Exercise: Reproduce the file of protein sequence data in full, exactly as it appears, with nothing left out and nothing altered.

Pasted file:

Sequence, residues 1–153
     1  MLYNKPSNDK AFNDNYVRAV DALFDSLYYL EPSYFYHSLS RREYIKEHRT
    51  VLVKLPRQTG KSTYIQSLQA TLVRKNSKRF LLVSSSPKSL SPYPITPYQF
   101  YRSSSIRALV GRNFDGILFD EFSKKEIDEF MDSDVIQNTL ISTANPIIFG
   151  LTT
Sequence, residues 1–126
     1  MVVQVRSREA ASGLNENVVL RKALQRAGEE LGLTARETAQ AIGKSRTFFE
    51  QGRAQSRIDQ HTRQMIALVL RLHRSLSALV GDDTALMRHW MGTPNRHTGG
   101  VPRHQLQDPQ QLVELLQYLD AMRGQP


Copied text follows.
Sequence, residues 1–153
     1  MLYNKPSNDK AFNDNYVRAV DALFDSLYYL EPSYFYHSLS RREYIKEHRT
    51  VLVKLPRQTG KSTYIQSLQA TLVRKNSKRF LLVSSSPKSL SPYPITPYQF
   101  YRSSSIRALV GRNFDGILFD EFSKKEIDEF MDSDVIQNTL ISTANPIIFG
   151  LTT
Sequence, residues 1–126
     1  MVVQVRSREA ASGLNENVVL RKALQRAGEE LGLTARETAQ AIGKSRTFFE
    51  QGRAQSRIDQ HTRQMIALVL RLHRSLSALV GDDTALMRHW MGTPNRHTGG
   101  VPRHQLQDPQ QLVELLQYLD AMRGQP